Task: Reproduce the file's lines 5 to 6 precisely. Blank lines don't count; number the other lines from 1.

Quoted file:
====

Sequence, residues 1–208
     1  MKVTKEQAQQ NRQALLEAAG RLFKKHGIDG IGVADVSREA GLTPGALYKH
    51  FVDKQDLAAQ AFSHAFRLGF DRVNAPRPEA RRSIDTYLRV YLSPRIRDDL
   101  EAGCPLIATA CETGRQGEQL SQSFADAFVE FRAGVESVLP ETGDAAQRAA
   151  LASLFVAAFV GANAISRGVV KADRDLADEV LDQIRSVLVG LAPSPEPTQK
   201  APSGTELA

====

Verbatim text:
   151  LASLFVAAFV GANAISRGVV KADRDLADEV LDQIRSVLVG LAPSPEPTQK
   201  APSGTELA